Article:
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I’m Doing Nothing Wrong

I’m Doing Nothing Wrong

分类:佳作欣赏   更新:2010/4/15   来源:网络

I’m Doing Nothing Wrong

My father, Dale, hits on P.J. Harvey at her rock show. Actually, it is a P.J. Harvey lookalike. There are dozens like her, wannabe rock stars wearing ankle boots with pin-sized heels. The others, boys with thrift shop tees over crisp oxfords, men like my dad whom everyone assumes is a roadie because he looks like he’s in a heavy metal band, and older women with scattered hair and dry lips, jostle to prove they’re up to it. I prefer the latter. They have a startled, somewhat embarrassed look, as if they tend to people’s vanity and ailments like a bikini-waxer or hospital attendant. Under cover, with the aid of protective gear. I think, these are the women my dad should be interested in, not the ones everyone else wants. I thought my dad was an original, but I am wrong.

"This is not New York," Dale tells me in his van. On its side is a sign that reads, "Daddy’s Little Girl Flooring." It’s alarming how many calls he gets out of this. He used to work with another guy, Greg, in Manhattan, but he died so I came to work with him. Now, if we’re refinishing, there’s usually a woman at the door who will say by way of greeting, "You must be Daddy’s Little Girl." I imagine people wondered who the little girl was when it was just my father and Greg.

"I know this isn’t New York," I say. "It’s been ages." I am fond of outdated expressions that make me feel madcap and carefree. He doesn’t mean we left New York a half-hour ago, and are well into the heart of New Jersey or Connecticut. He means, we left New York for good. We did, four years ago. After a year of doing floors together in New York, we moved the business to Fort Collins, Colorado. What Dale refers to is the traffic outside Denver, where we're headed. We’re idling on I-25. Unlike some people who would’ve said, "What’s the holdup, this isn’t New York," or if they’re really pissed, "What the hell, this isn’t fucking New York," my father states the obvious as if he’s unsure of it’s veracity.

My dad loves P.J. Harvey as much as he loves Fleetwood Mac and The Eagles. He admits it is odd, given the fact that most parents find her music to be just a lot of noise, but something about her speaks to him. He heard my boyfriend Larry playing her album To Bring You My Love when he came to pick me up for work, and asked if he could borrow it. Larry tried to convince him to take her first album instead but Dale would have none of it. This was a cardinal sin. Larry believes in listening to music chronologically, from the first album to the last, always. I have questioned him on this extensively. What if the first album sucks, and your favorite is the most recent? Or you hear a song on the radio, and go to buy the CD, only to find the song your looking for is on the second, or third, or fourth? What then? According to Larry, you’re screwed. You have to start from the beginning, every time. In fact, the whole notion of "favorite" is blasphemous. There’s a larger picture to see. He doesn’t listen to the radio, for this reason. Larry goes nuts when he comes across a Greatest Hits collection. Concerts are out of the question, since they're a Greatest Hits collection with amped up applause and bad feedback. Hence, his absence at tonight’s show.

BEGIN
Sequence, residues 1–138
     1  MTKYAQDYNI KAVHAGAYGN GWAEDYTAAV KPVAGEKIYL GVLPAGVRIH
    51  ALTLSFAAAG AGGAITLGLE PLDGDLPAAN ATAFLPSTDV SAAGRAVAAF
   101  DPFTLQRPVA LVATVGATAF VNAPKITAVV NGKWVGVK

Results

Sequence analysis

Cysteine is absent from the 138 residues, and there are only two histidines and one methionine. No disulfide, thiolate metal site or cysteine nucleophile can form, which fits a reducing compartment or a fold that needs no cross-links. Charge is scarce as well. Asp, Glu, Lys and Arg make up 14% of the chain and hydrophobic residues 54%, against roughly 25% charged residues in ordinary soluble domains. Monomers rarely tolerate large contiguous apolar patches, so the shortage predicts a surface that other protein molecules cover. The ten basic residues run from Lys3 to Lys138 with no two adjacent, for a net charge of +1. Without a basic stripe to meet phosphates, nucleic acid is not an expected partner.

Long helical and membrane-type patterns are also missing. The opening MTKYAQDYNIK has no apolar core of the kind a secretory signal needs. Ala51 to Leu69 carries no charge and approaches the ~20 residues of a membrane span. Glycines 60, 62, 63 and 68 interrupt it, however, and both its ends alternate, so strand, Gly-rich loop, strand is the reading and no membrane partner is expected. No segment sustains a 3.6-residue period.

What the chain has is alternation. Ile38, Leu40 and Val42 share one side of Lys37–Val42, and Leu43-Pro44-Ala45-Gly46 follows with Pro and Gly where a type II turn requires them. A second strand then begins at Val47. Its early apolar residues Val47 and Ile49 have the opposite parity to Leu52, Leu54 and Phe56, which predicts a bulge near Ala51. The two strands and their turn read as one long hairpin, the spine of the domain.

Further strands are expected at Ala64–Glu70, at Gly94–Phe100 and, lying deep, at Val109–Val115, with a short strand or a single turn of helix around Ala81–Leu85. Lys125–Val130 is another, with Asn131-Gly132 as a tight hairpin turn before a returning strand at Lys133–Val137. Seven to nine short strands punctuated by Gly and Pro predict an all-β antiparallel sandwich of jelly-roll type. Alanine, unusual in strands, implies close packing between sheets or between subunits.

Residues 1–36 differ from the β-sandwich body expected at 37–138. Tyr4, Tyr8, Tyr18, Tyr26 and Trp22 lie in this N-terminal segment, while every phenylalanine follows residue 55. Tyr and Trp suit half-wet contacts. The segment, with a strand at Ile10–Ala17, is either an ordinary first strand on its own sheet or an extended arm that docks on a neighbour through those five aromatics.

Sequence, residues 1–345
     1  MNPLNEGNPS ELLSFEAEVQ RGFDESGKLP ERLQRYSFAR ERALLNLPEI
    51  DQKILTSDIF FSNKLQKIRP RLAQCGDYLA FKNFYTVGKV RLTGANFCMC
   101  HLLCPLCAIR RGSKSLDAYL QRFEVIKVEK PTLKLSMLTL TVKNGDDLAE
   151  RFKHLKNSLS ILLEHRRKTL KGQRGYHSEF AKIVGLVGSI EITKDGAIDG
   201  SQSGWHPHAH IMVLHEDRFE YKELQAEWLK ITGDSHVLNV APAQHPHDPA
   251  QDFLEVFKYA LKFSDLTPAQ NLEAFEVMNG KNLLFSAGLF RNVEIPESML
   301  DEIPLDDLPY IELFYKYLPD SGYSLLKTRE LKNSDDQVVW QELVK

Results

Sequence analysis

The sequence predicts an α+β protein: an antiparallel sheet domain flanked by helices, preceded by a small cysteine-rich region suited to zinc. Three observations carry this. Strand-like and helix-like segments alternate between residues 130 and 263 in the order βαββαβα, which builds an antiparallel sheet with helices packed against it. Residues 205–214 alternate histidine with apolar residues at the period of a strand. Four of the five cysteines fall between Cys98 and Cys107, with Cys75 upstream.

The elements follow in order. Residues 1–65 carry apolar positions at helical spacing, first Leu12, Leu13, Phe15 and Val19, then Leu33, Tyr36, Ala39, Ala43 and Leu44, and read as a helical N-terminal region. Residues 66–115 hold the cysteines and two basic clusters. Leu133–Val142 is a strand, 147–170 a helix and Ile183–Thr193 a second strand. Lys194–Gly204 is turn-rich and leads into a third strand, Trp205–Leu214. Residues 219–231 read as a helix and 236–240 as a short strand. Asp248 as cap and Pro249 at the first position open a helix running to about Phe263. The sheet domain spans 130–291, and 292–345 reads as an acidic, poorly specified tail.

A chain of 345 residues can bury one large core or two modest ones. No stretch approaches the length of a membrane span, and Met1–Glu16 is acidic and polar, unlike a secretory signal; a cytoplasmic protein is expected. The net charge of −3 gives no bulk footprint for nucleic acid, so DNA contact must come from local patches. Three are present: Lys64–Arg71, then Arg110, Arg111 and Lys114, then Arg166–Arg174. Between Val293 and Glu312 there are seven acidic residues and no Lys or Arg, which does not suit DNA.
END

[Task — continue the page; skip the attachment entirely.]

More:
"You need to dump that dumbass," Dale tells me. "He’s probably getting fries with that shake, if you know what I’m talking about." Not even P.J. Harvey can make my father hip, I’m sad to say.

But we all have our music quirks. I tolerate album covers that feature the band by a warehouse far, far away because I have to. As for solo artists, I’ve noticed that most women artists I like are often on the ground, playing dead, but done up glamorously, they might as well be on a satin ottoman. The only difference is a smudge of blood and bruise around the lip and eye. My father has nothing but contempt for music videos, especially ones that feature an artist tied to a chair with a bunch of "thugs" around him, who ends up in a psychiatric ward, unshaven, in a dirty robe.

My father has never liked Larry because he wears shorts all year long, and has one of those jobs that are hard to grasp for people who don’t do what he does. After careful scrutiny, followed by an afternoon of light stalking, I’ve only been able to come up with this: he works in a laboratory. Larry does smell antiseptic, with a trace of Sweet n’ Low. The first time we had sex, I thought he had a cold, and was overdosing on throat lozenges.

It was a sad smell, and as we were having sex, I vowed to stop seeing him.

I changed my mind midway through it when Foreigner’s "Feels Like the First Time," came on the radio. It did too, and not only because we were in my Honda in a parking lot. The truth is that I hadn’t had sex in a year, and this occasion didn’t make up for lost time. You would think the coincidence would have solidified my decision to break up with Larry, but a catchy tune that

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